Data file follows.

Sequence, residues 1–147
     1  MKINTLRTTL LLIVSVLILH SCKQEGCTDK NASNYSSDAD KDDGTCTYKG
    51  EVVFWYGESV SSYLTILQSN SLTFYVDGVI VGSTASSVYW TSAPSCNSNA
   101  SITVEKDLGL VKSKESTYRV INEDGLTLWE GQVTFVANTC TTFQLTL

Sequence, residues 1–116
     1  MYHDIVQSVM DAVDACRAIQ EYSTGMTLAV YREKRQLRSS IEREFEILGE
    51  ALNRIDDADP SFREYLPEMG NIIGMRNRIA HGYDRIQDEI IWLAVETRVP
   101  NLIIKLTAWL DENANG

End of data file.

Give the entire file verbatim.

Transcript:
Sequence, residues 1–147
     1  MKINTLRTTL LLIVSVLILH SCKQEGCTDK NASNYSSDAD KDDGTCTYKG
    51  EVVFWYGESV SSYLTILQSN SLTFYVDGVI VGSTASSVYW TSAPSCNSNA
   101  SITVEKDLGL VKSKESTYRV INEDGLTLWE GQVTFVANTC TTFQLTL

Sequence, residues 1–116
     1  MYHDIVQSVM DAVDACRAIQ EYSTGMTLAV YREKRQLRSS IEREFEILGE
    51  ALNRIDDADP SFREYLPEMG NIIGMRNRIA HGYDRIQDEI IWLAVETRVP
   101  NLIIKLTAWL DENANG